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Barbiturate Abuse

Barbiturate Abuse Overview

Barbiturates are a group of drugs in the class of drugs known as sedative-hypnotics, which generally describes their sleep-inducing and anxiety-decreasing effects.

  • History of use and abuse
  • Barbiturates were first used in medicine in the early 1900s and became popular in the 1960s and 1970s as treatment for anxiety, insomnia, or seizure disorders. With the popularity of barbiturates in the medical population, barbiturates as drugs of abuse evolved as well. Barbiturates were abused to reduce anxiety, decrease inhibitions, and treat unwanted effects of illicit drugs. Barbiturates can be extremely dangerous because the correct dose is difficult to predict. Even a slight overdose can cause coma or death. Barbiturates are also addictive and can cause a life-threatening withdrawal syndrome.
  • Barbiturate use and abuse has declined dramatically since the 1970s, mainly because a safer group of sedative-hypnotics called benzodiazepines are being prescribed. Benzodiazepine use has largely replaced barbiturates in the medical profession, with the exception of a few specific indications. Doctors are prescribing barbiturates less, and the illegal use of barbiturates has also substantially declined, although barbiturate abuse among teenagers may be on the rise compared with the early 1990s. Addiction to barbiturates, however, is uncommon today.
  • Types of barbiturates
  • There are many different barbiturates. The primary difference among them is how long their effects last. The effects of some of the long-acting drugs may last up to 2 days. Others are very short acting. Their effects last only a few minutes.
  • Barbiturates can be injected into the veins or muscles, but they are usually taken in pill form. The street names of commonly abused barbiturates describe the desired effect of the drug or the color and markings on the actual pill.

Barbiturate Names

 

Generic Name

Street Name

Amobarbital

Downers, blue heavens, blue velvet, blue devils

Pentobarbital

Nembies, yellow jackets, abbots, Mexican yellows

Phenobarbital

Purple hearts, goof balls

Secobarbital

Reds, red birds, red devils, lilly, F-40s, pinks, pink ladies, seggy

Tuinal

Rainbows, reds and blues, tooies, double trouble, gorilla pills, F-66s

 

Barbiturate Abuse Causes

Although the medical use of barbiturates has declined since the 1970s, and street abuse was also in decline, high school surveys suggest abuse has been rising over last 10 years. A common reason to abuse barbiturates is to counteract the symptoms of other drugs.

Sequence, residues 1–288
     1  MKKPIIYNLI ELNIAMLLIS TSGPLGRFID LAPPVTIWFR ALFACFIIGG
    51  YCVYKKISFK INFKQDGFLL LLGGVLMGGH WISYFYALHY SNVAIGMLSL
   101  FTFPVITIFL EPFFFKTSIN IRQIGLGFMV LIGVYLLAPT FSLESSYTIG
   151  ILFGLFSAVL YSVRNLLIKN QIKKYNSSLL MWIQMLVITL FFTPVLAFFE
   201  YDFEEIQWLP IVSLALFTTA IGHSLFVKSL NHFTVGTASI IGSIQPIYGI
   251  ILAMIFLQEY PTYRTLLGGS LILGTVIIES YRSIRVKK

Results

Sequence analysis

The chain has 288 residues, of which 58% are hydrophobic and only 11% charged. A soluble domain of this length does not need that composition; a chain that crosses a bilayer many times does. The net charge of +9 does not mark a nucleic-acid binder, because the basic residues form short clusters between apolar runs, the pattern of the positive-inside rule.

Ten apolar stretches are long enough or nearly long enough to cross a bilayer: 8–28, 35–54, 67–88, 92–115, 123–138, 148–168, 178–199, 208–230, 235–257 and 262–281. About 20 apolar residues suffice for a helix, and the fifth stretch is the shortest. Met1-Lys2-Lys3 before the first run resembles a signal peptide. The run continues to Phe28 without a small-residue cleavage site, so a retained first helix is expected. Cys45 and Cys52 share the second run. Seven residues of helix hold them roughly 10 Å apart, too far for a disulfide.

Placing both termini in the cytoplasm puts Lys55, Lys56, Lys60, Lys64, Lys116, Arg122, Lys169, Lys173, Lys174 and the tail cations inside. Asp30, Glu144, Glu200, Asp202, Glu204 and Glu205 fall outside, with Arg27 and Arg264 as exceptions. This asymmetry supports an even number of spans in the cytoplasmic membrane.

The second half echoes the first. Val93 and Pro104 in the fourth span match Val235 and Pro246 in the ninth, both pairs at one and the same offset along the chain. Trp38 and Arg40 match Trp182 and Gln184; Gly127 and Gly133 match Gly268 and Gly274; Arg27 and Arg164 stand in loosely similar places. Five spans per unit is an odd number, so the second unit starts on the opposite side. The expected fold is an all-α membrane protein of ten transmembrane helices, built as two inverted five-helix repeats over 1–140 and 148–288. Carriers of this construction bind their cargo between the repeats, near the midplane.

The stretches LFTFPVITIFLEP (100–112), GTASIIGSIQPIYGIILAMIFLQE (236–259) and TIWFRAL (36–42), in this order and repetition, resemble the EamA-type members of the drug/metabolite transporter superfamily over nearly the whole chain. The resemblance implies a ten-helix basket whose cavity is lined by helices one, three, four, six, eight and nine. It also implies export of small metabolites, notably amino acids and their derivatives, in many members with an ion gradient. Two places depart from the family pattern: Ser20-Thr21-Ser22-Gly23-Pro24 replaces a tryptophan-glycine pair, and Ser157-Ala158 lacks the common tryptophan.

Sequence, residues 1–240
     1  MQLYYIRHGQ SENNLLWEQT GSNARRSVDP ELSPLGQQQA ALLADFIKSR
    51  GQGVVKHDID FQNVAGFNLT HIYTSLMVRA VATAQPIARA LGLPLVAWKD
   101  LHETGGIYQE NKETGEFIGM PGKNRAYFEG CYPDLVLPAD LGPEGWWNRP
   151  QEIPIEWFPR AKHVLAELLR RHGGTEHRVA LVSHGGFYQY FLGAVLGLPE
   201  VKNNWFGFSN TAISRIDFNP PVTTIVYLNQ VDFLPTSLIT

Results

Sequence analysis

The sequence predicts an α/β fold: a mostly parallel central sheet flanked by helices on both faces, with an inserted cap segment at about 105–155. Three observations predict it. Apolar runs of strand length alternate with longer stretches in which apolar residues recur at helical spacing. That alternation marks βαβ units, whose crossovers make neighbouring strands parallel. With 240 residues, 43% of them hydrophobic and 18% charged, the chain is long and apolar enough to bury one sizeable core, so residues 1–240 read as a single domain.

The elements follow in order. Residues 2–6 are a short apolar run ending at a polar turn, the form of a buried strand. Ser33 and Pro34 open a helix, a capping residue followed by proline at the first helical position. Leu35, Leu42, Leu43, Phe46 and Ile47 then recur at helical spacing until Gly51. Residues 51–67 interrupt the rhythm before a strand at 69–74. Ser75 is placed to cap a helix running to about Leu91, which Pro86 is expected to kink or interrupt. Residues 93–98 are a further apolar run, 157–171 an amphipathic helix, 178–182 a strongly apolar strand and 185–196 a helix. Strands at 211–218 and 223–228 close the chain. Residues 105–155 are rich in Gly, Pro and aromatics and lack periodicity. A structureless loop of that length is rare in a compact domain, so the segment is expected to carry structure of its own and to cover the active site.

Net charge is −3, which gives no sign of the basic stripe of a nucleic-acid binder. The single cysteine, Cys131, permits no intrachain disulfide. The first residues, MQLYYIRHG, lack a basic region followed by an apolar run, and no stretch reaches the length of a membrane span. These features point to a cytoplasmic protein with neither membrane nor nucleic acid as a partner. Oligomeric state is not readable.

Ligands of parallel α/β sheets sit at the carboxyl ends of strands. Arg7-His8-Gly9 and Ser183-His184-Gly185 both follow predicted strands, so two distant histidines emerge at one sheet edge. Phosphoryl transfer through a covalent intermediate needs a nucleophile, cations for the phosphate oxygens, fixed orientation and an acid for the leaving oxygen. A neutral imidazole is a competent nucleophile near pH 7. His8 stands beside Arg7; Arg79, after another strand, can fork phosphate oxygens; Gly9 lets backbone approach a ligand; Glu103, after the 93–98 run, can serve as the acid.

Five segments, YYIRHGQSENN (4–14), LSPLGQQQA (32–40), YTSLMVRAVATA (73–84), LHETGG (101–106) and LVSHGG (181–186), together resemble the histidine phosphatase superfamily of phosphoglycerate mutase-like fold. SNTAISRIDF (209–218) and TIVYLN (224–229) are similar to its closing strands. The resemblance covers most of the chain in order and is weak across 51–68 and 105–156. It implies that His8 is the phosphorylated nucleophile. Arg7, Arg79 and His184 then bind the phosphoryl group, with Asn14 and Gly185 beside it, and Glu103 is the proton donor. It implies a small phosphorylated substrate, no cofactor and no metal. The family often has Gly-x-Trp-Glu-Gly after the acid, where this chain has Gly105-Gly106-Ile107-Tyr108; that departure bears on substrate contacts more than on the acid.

• The increase in the abuse of barbiturates may be due to the popularity of stimulating drugs such as cocaine and methamphetamines. The barbiturates ("downers") counteract the excitement and alertness obtained from the stimulating drugs.
  • Today’s drug abusers may be too young to remember the death and dangerous effects barbiturates caused in the 1970s, so they underestimate the risks of using them.
  • Barbiturates are also commonly used in suicide attempts.

 

Barbiturate Abuse Symptoms

In general, barbiturates can be thought of as so-called brain relaxers. Alcohol is also a brain relaxer. The effects of barbiturates and alcohol are very similar. Pain medicines, sleeping pills, and antihistamines also cause symptoms similar to those of barbiturates.

People who abuse barbiturates use them to obtain a “high,” which is described as being similar to alcohol intoxication, or to counteract the effects of stimulant drugs.

  • In small doses, the person who abuses barbiturates feels drowsy, disinhibited, and intoxicated.

  • In higher doses, the user staggers as if drunk, develops slurred speech, and is confused.

  • At even higher doses, the person is unable to be aroused (coma) and may stop breathing. Death is possible.

    • The difference between the dose causing drowsiness and one causing death may be small. In the medical profession, this difference is called a narrow therapeutic-to-toxic range. This is the reason why barbiturates are dangerous. It is also why barbiturates are not often prescribed today.

    • In addition to having a narrow therapeutic range, barbiturates are also addictive. If taken daily for longer than about 1 month, the brain develops a need for the barbiturate, which causes severe symptoms if the drug is withheld.

    • Symptoms of withdrawal or abstinence include tremors, difficulty sleeping, and agitation. These symptoms can become worse, resulting in life-threatening symptoms, including hallucinations, high temperature, and seizures.

    • Pregnant women taking barbiturates can cause their baby to become addicted, and the newborn may have withdrawal symptoms.
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WebMD Medical Reference from eMedicineHealth

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